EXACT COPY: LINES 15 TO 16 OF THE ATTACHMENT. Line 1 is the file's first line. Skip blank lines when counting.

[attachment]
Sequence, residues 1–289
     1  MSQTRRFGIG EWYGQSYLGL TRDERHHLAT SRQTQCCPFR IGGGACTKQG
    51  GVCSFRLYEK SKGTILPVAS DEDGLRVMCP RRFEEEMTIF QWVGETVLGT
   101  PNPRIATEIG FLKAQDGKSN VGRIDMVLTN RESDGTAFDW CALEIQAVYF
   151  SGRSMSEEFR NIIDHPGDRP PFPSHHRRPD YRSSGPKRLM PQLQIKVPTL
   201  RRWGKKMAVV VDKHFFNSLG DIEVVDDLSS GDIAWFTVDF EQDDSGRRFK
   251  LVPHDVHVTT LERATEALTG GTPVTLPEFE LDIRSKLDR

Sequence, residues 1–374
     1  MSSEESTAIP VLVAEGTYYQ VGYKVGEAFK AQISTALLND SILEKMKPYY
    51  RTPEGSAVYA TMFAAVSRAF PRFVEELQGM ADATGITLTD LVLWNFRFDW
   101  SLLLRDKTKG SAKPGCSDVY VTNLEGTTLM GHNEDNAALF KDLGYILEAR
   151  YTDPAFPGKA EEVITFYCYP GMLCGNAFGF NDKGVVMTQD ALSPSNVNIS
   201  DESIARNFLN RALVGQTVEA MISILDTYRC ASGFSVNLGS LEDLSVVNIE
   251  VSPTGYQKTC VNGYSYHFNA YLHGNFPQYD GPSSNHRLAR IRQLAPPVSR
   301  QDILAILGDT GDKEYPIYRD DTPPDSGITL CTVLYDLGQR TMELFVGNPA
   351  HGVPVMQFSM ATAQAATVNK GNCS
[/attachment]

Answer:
   301  QDILAILGDT GDKEYPIYRD DTPPDSGITL CTVLYDLGQR TMELFVGNPA
   351  HGVPVMQFSM ATAQAATVNK GNCS